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By Jason Stipp | 12-13-2011 01:00 PM

No Reason to Doubt Automaker Turnaround

With continued pent-up demand, it's an exciting time for automakers--particularly Detroit's Big Three--and their investors, says Morningstar analyst Dave Whiston.

Jason Stipp: I'm Jason Stipp for Morningstar.

After hitting the skids amid the financial crisis, many automakers are now back on track, but what does the road ahead look like?

Here with me to offer some insights is Morningstar senior equity analyst Dave Whiston. Dave was named one of the Wall Street Journal's Best on the Street analysts earlier this year. Thanks for joining me, Dave.

David Whiston: Thanks, Jason.

Stipp: So we do know that automakers have come a long way from the depths of the downturn. Ford recently reinstated a dividend, which I think is a good sign that they are seeing some stability in their business.

When you look at the automakers at a high level, what do the fundamentals look like to you? How healthy are these companies now?

Whiston: I think it's actually really an exciting time to be an automaker. There is certainly always a lot of volatility and a lot of uncertainty all over the world, but especially when you look at the Detroit Three now, actually, that would be my favorite place to start in terms of health. The Japanese are still also very, very strong, but unfortunately so is the yen, and that's creating a huge problem for Toyota, Honda, and Nissan in particular, but especially Toyota--they are the most exposed to that strong currency impact.

Stipp: So we know some of the automakers have gone through reorganization proceedings, and they have come out seemingly a lot stronger with the better cost structures. Can you talk a little bit about what the profitability is looking like now versus what some of these automakers were seeing in the past?

Whiston: From even just a few years ago, right before Lehman Brothers and the reorganizations and bankruptcy of GM and Chrysler, the profitability picture is just night and day; it's absolutely incredible. And that's why I'm so excited about the future of the Detroit automakers.

Look at GM, right before the recession they broke even with 25% share, and they needed an industry-wide what we call SAAR, or seasonally adjusted annualized selling rate, of 15.5 million vehicles in the United States. Now they only need 18% to 19% share and a SAAR of roughly 10 million units a year.

And 10 million units, by the way, is ridiculously low. Even in '09, which is the bottoming out of this current cycle we're in, we sold 10.4 million vehicles in this country. And just to replace the fleet, you've got to do about 13.2 million vehicles; that's 240 million vehicles on the road times the 5.5% scrappage rate.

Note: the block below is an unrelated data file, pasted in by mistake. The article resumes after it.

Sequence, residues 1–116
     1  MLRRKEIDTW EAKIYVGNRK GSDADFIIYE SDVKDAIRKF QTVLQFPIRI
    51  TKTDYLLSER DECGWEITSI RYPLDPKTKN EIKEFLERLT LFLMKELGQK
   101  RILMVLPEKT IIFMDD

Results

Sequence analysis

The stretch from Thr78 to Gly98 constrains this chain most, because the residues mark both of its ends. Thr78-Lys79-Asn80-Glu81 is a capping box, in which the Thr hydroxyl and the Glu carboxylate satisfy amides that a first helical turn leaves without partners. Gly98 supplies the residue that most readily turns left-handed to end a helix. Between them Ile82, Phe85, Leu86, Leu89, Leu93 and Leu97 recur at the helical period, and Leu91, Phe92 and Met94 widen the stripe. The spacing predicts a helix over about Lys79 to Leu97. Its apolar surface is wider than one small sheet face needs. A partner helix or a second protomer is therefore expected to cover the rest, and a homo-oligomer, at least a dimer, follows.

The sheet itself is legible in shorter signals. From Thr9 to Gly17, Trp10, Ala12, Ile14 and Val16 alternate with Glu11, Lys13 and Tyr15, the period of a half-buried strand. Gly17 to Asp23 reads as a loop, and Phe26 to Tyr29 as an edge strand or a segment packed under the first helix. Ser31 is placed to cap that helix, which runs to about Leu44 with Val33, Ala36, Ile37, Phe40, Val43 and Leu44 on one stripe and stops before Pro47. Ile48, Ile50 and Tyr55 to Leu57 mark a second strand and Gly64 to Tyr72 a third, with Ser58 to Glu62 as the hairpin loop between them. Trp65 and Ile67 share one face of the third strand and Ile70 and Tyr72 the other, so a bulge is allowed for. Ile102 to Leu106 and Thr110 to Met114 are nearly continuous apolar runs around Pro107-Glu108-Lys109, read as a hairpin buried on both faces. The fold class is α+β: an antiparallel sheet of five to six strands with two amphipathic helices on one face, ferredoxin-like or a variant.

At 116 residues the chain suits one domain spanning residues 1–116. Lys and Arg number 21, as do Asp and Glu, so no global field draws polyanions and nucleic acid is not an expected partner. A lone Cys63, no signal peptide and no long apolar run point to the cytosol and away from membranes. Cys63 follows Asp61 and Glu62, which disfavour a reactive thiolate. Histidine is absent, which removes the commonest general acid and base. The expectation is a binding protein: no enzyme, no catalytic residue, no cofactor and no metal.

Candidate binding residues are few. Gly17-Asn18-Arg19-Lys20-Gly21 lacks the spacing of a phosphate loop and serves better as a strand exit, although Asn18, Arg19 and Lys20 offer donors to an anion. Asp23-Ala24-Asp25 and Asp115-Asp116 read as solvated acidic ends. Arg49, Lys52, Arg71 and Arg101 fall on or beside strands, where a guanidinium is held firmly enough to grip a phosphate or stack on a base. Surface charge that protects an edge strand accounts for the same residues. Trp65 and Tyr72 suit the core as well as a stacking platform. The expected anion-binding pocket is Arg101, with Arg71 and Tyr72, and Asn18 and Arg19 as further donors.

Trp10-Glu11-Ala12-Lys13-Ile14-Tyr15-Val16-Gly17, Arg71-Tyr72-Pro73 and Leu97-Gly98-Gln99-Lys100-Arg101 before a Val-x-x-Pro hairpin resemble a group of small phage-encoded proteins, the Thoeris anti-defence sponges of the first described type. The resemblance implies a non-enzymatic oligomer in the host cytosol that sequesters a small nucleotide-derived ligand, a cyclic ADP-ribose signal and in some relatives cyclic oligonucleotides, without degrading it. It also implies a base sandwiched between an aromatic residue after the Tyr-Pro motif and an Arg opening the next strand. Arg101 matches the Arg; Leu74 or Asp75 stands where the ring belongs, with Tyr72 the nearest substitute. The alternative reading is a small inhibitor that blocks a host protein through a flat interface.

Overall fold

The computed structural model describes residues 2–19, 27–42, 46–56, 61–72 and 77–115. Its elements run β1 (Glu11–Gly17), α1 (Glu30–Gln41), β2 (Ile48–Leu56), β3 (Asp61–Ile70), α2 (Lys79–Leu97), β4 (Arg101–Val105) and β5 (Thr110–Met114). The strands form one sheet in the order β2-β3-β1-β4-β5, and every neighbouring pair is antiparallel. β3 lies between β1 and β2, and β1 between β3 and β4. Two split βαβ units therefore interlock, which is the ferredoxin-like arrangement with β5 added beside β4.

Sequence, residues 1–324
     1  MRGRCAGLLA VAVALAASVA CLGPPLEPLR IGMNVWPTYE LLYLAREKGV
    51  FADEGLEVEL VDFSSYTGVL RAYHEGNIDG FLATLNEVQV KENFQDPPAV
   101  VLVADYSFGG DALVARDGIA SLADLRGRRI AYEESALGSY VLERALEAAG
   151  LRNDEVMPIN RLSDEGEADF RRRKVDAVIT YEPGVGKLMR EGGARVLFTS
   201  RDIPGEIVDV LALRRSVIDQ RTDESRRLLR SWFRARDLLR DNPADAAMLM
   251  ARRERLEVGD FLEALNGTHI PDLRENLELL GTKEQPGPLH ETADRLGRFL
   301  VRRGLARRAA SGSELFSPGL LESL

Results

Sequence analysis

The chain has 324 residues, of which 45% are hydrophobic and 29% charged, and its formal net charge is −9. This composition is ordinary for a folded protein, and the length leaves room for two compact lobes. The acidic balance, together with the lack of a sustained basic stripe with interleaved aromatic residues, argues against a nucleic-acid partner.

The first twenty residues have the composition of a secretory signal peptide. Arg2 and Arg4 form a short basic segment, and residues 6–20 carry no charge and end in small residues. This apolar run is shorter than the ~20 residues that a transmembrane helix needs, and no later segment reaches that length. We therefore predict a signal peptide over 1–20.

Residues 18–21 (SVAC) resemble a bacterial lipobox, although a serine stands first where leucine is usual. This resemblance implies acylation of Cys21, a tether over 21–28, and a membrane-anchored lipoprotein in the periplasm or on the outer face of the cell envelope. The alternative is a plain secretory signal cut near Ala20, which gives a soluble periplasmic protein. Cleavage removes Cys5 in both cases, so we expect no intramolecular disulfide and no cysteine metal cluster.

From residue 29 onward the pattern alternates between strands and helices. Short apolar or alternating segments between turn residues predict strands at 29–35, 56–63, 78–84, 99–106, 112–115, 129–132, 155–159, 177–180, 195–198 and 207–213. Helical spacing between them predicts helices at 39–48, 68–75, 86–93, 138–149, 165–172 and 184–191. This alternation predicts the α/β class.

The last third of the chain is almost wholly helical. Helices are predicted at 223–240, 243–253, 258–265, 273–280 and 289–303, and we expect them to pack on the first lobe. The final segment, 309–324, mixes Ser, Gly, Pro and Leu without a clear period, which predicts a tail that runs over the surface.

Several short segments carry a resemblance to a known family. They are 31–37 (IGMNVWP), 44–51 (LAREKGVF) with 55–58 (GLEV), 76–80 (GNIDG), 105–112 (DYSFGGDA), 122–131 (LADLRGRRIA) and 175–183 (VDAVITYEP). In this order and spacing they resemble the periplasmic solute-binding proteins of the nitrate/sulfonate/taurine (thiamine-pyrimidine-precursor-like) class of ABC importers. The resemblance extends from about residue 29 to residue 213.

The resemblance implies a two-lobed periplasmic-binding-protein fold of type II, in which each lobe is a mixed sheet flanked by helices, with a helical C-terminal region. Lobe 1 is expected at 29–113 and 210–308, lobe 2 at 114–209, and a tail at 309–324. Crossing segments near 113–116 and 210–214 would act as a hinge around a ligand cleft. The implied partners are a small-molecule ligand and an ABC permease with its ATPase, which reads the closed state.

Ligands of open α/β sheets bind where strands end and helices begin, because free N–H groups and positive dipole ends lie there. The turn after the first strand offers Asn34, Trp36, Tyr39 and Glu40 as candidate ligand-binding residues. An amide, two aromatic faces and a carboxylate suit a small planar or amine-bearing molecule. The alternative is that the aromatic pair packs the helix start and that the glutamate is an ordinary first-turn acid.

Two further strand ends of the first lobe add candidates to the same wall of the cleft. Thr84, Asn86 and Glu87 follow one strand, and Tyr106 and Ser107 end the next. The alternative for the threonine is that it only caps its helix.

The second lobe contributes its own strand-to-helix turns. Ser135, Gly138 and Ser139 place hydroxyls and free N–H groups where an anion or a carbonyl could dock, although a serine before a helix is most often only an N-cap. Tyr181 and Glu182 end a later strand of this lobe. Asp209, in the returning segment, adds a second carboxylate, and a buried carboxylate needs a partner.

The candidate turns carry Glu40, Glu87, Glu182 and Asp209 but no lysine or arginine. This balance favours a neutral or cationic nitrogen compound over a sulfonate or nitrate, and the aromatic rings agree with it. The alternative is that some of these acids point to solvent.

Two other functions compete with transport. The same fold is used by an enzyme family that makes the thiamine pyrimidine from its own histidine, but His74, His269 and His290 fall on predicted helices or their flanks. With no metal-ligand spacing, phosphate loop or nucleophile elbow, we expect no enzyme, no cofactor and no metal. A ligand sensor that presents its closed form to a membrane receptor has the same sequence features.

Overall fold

So if GM can break even at 10 million vehicles and you need 13.2 million just to even replace the fleet, that's one of the reasons I have been so optimistic about GM printing money. When you look at normalized demand, though, the numbers are even better, because I think it's roughly 16 million to 17 million units a year. 2011 is going to be the fourth consecutive year we're at or below scrappage in the United States, so that trend cannot continue.

Stipp: So I want to talk to you about some of those sales trends, because we have seen improvement, and we've gotten closer to what that average has been, but we haven't hit that yet, correct? What are you looking at for sales for 2011 and sales for 2012? What are your expectations?

Whiston: Well, barring any major severe supply shocks like we've had in Asia twice this year, unfortunately, I think 2012 and 2013 are going to be the years where we're really going to see a lot of positive surprises in the auto industry. And the exciting thing is, I think the absorption of all this pent-up demand, it hasn't really started yet. November was the best month, going back to the SAAR rate, November was the best SAAR in the United States since Cash for Clunkers, and I think that's just the beginning. It was about 13.6 million.

But there is a lot of uncertainty, of course, with Europe, and if in a worst-case scenario, we were to have, say, 10 Lehman Brothers happen in Europe happen at the same time, that's certainly going to impact U.S. consumer confidence, too. So that's the volatility and the uncertainty I alluded to earlier.

Stipp: At some point, though, Dave, don't people have to go out and buy new cars, even if they don't want to. Their cars just wear out, right? Are we are getting to a level of pent-up demand where even if they don't want to put the money up, they might have to start looking for a new car?

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